Corporations and the ultra rich have been quietly influencing police departments across the country through large donations, and now the Government of New Brunswick wants to let the same thing happen here.
Bill 53, currently before the Legislature, would create a Municipal Police Assistance Fund to allow police forces across this province to access private funding to purchase equipment and finance policing initiatives.
Individuals and corporations will be permitted to make contributions to this fund, providing yet another avenue for New Brunswick’s wealthiest corporations and families to exert their influence.
This is a bad idea. In communities across Canada and the United States where such funds exist, people have been sounding the alarm.
One investigation of Canadian police foundations by The Tyee found that the Vancouver Police Foundation’s “corporate partners” have given more than $3 million to that department allowing them to buy new equipment including a military-grade armoured vehicle and start a new drone program. One real estate tycoon is donating $1 million to the Vancouver Police Foundation, raising serious questions about the kind of influence such money could buy.
The same investigation also found that oil companies in Alberta are major donors to Calgary’s police foundation. And that some of these donors’ top staff serve on the foundation’s board, providing an opportunity for these corporate elites to rub shoulders with top police brass.
It is not uncommon for these foundations to host fundraising galas with corporate sponsorship and access to police chiefs and political leaders. Sponsors of these galas across the country have included large banks, oil companies, and even manufacturers of lethal weapons.
Proponents of these foundations argue that they provide the ability for the community to help police with budget shortfalls. But policing is a public institution. Relying on private donors to fund policing is a slippery slope towards privatization, and more importantly, it raises legitimate questions about police impartiality.
The Chair of the Saskatchewan Police Commission raised these concerns in 2016 in response to similar legislation there, saying that even if donations to the foundations were kept anonymous, in a small city people would likely know where the money is coming from, and it could create the impression that certain individuals were buying preferential treatment from police.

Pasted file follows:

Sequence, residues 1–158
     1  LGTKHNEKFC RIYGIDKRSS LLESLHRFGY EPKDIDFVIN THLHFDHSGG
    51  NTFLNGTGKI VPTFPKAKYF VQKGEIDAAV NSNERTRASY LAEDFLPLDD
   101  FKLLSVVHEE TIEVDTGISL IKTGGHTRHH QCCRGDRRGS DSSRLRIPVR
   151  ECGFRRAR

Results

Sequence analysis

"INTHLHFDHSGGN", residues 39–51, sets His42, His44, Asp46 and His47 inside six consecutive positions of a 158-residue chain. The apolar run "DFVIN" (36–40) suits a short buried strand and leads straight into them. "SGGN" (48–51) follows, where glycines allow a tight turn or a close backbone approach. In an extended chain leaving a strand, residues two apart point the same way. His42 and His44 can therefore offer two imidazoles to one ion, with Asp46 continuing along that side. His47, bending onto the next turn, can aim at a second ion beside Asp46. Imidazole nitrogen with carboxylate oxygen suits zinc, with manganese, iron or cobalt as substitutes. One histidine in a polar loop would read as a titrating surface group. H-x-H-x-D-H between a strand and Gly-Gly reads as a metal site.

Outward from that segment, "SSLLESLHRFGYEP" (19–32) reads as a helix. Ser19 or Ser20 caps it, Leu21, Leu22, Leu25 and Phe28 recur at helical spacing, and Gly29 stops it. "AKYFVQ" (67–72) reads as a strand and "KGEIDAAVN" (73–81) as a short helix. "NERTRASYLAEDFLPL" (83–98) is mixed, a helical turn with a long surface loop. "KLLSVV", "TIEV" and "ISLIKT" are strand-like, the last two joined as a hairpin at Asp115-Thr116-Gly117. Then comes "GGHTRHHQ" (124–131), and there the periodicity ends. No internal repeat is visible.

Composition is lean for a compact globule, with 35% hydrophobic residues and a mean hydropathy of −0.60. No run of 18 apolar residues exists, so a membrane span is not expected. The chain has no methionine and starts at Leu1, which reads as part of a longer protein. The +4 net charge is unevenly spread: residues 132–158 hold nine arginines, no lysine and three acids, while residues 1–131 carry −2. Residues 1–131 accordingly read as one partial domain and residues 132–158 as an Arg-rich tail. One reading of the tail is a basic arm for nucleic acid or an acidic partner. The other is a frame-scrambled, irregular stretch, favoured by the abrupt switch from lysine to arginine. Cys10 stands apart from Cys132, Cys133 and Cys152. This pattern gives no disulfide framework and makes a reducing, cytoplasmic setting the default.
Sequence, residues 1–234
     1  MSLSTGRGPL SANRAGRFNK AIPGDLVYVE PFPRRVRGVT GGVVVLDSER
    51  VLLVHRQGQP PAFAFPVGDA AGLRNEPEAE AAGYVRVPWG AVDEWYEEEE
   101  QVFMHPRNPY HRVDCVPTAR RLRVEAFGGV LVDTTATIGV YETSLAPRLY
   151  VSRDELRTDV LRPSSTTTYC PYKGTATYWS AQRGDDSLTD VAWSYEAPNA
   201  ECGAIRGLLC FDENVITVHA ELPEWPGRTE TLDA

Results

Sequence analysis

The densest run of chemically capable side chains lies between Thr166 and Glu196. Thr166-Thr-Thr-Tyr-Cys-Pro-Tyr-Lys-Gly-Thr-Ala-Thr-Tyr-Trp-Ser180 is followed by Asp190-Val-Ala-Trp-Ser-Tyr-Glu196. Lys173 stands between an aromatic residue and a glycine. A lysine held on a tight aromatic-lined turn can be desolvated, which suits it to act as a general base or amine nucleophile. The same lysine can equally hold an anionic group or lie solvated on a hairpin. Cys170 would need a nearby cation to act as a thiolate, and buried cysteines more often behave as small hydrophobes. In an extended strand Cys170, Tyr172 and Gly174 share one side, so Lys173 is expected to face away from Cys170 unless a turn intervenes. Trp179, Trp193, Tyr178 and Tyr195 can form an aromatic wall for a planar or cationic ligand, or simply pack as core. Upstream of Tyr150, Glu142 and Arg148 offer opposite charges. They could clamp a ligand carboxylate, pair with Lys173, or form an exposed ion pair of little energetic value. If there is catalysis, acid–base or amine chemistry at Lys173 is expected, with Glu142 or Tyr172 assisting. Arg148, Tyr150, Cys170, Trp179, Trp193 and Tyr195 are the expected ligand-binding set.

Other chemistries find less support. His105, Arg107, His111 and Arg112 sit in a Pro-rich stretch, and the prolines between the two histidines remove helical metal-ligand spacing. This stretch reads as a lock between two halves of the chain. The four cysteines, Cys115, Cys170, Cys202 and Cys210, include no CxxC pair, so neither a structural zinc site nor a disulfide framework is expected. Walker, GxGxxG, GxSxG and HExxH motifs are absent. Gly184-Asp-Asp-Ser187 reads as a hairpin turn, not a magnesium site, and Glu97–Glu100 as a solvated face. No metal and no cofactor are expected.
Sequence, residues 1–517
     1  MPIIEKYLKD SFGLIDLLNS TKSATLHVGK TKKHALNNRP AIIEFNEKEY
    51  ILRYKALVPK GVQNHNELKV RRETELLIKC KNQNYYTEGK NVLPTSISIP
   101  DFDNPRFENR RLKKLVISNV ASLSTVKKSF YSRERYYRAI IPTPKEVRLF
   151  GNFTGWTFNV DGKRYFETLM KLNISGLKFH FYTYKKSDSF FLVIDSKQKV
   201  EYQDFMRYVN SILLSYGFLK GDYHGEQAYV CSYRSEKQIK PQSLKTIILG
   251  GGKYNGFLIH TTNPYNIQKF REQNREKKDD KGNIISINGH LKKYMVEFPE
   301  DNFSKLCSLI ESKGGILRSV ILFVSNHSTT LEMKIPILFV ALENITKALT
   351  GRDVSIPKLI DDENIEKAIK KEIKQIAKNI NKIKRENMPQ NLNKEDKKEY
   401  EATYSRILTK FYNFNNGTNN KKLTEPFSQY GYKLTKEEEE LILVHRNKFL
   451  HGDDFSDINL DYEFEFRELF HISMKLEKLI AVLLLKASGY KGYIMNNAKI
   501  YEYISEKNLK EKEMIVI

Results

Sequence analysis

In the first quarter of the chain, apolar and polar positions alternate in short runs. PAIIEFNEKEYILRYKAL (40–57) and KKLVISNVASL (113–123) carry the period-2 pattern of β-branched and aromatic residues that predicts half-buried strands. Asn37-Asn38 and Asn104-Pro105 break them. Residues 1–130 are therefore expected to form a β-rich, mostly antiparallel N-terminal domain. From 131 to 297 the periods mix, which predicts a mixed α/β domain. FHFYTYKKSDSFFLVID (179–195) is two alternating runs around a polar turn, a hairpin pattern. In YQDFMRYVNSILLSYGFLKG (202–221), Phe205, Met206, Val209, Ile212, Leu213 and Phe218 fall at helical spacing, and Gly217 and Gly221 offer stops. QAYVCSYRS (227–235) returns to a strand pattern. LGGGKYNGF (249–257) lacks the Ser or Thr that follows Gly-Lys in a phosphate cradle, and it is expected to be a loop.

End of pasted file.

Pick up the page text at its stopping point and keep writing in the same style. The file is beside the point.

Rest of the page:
Moreover, these foundations often lack transparency with no requirement for public disclosure. The proposed legislation in New Brunswick, in fact, is designed to shield the fund from public scrutiny requiring only that the government provide an annual report on the fund to the New Brunswick Association of Chiefs of Police, not to the public.
Policing already disproportionately harms communities that are marginalized, poor, and racialized. For example, police routinely target the homeless serving them with fines they cannot pay, forcing them into prison for non-payment. Police in New Brunswick use the practice of “carding” – stopping individuals and checking identification without grounds to detain or arrest the person – despite overwhelming evidence that the practice is racist.
Just last year, RCMP in New Brunswick shot and killed Rodney Levi of Metepenagiag First Nation merely days after an Edmundston police officer shot and killed Chantel Moore – a 26-year-old woman of Tla-oh-qui-aht First Nations (British Columbia). These killings prompted a nationwide outcry with calls for an investigation into anti-Indigenous racism in New Brunswick policing. Calls that continue to go unheeded by the Premier.
May 25 also marks the one-year anniversary of the police killing of George Floyd in the United States, which renewed international calls for the defunding and abolishing of police forces, and a reimagining of community safety.
At a time that New Brunswickers are calling for reallocating police spending towards essential social services, the Government wants to provide police with access to even more money to spend on lethal weapons and military-grade equipment which will disproportionately be used against marginalized, poor, and racialized communities.
We know that police foundations make it easier for corporations and the wealthy to influence policing. We know that these foundations raise serious concerns about accountability. We know they increase the militarization of police forces, harming marginalized communities.
There is no doubt about it – bringing them into New Brunswick is a bad idea.
Aditya Rao is a human rights lawyer in Fredericton and tweets at @aditrao.